The PTI chief has told his supporters to keep protesting till the resignations are effected. Sustained chaos might tempt certain quarters to seize control on the pretext of controlling the ‘domestic instability’ they have been repeatedly warning about.  It ought to be said here that the Punjab police has thus far thoroughly bungled its handling of the attack investigation. The leaked ‘confession’ videos of the prime suspect, the delayed registration of the FIR and conflicting statements from the centre and Punjab have all added to the confusion and fuelled conspiracy theories.

Will Pakistani politics survive Wazirabad? This is a dangerous situation. The nation awaits answers. We must know who pulled the trigger, what their motivations were, if there is anything that points to a larger conspiracy or if this was the work of a lone wolf. The chasm of distrust between one side of the political divide and the other will only widen unless those questions are answered. Any attempt to derail the investigation could cost the nation dearly.





ORYA MAQBOOL JAN MET IMRAN KHAN AND DELIVERED MESSAGE OF AHL E NAZAR





TANKS OF PAKISTAN ARMY CAME IN FRONT OF THE PUBLIC IN CANTT LAHORE 





PAKISTAN ARMY REJECTS IMRAN KHAN‘s ALLEGATIONS
INSISTS ON NAMING THE OFFICER IN HIS FIR




IMRAN KHAN DECLARES 'JIHAD' AFTER SHOOTING ATTACK ;
PAK ARMY FUMES AS EX-PM NAMES AND SHAMES ISI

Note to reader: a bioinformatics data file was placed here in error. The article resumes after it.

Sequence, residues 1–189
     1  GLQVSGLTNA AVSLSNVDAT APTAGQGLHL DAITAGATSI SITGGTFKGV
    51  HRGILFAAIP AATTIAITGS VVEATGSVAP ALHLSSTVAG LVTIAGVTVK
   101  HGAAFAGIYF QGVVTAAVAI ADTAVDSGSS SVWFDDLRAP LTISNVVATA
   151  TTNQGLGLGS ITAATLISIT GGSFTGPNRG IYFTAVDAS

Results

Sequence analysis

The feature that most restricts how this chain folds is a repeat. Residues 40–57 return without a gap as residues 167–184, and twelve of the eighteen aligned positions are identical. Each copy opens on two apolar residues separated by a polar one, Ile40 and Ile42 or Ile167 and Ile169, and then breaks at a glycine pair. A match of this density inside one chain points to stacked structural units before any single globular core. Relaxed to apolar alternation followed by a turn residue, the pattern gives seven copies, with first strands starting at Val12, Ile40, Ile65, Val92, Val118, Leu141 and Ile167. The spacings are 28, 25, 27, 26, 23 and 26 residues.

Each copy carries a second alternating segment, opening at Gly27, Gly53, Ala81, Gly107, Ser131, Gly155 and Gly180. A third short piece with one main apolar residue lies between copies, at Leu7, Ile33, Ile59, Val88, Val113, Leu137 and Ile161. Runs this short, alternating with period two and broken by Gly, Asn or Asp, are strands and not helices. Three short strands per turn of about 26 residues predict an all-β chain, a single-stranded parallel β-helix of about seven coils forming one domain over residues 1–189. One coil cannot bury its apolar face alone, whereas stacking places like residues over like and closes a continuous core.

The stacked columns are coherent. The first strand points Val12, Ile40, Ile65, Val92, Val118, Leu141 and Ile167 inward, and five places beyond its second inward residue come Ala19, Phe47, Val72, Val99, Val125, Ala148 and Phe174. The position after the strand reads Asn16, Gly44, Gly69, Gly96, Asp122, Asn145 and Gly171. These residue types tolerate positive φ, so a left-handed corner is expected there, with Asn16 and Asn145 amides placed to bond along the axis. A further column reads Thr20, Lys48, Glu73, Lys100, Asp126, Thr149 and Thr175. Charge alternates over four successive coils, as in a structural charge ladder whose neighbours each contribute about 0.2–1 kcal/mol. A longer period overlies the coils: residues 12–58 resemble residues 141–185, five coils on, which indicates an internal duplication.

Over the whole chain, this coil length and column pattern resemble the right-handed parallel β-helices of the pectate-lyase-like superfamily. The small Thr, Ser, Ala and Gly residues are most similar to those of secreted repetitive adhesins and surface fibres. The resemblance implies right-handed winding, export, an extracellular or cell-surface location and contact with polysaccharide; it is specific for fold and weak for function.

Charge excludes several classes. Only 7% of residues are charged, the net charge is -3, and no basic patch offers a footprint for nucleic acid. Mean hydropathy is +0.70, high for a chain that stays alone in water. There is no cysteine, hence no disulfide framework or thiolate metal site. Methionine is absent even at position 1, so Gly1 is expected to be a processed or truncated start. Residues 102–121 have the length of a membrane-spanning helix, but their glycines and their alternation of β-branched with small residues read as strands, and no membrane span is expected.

IMRAN KHAN BREAKS HIS SILENCE AFTER SHOOTING 





IMRAN KHAN ADDRESSES PRESS CONFERENCE, DOCTORS EXPLAIN BULLET INJURIES









WHAT NEXT FOR PAKISTAN AFTER THE SHOOTING OF IMRAN KHAN ?
Inside Story







IMRAN KHAN's LONG MARCH & ISLAMABAD RALLY COULD LEAD TO AN “ARMY INTERVENTION" IN PAK
Najam Sethi
Reply
THE FAILED ASSASSINATION ATTEMPT OF IMRAN KHAN WILL BE REVEALED AND IT'S IMPACT IN PAKISTAN. EYE WITNESS CLAIMS DEADLY FIRE CAME FROM 2 OR 3 DIRECTIONS NOT THE FALL GUY IN THE CROWD. AT THIS STAGE ONE CAN CATEGORICALLY STATE THAT THE HISTORY OF ASSASSINATIONS OF POPULAR PAKISTANI PMS AND OTHER MILITARY LEADERS IS ALWAYS A COMBINATION OF OUTSIDE FOREIGN AND DOMESTIC AGENCIES. 


THE MASTERMINDS OF INSTABILITY NEED TO BE WARNED THAT THE CLOCK IS TICKING THE ENEMIES OF PAKISTAN MAY PLOT ALL THEY WANT BUT THEY FAIL TO REALISE THAT ALLAH SWT IS THE GREATEST PLOTTER. THE ENEMIES OF PAKISTAN AND ISLAM ARE TRAPPED IN THEIR HUBRIS AND FAIL TO SEE THEIR COMING DEFEAT AND FALL.




IMRAN KHAN ANNOUNCES TO RESUME LONG MARCH FROM TUESDAY








I AM COMING TO PINDI AND DG ISPR YOUR RESPONSE WAS INCORRECT
Imran Khan






IMRAN KHAN UNCENSORED COMPLETE PRESS CONFERENCE LIVE FROM SHAUKAT KHANUM HOSPITAL



PAK PM SHARIF DRAGS INDIA INTO ATTACK ON IMRAN KHAN 'INDIAN MEDIA IS DANCING ..'




THE WOUNDED KHAN, WORRIED GENERALS AND POLITICAL CHAOS
Imran wants to convey a message: either face the fury of protests or hold early polls and put the appointment of the military chief on hold.
https://www.dawn.com/news/1719123/the-wounded-khan-worried-generals-and-political-chaos

Pakistan’s former prime minister Imran Khan is in a hospital after
surviving an assassination attempt; his furious diehard supporters are protesting on the roads seeking revenge.

The government ministers, led by his traditional political arch rivals — the Sharifs — and the military generals have been caught in a quagmire, unsure of how to deal with the chaotic political situation. The assassination bid against Khan is incurring a heavy political cost.

By naming Prime Minister Shehbaz Sharif, Interior Minister Rana Sanaullah and a senior security official of the ISI as the perpetrators behind his murder conspiracy, Imran has declared his warpath. With such accusations, Imran seeks to further weaken the government and drag the establishment directly onto the political battlefield.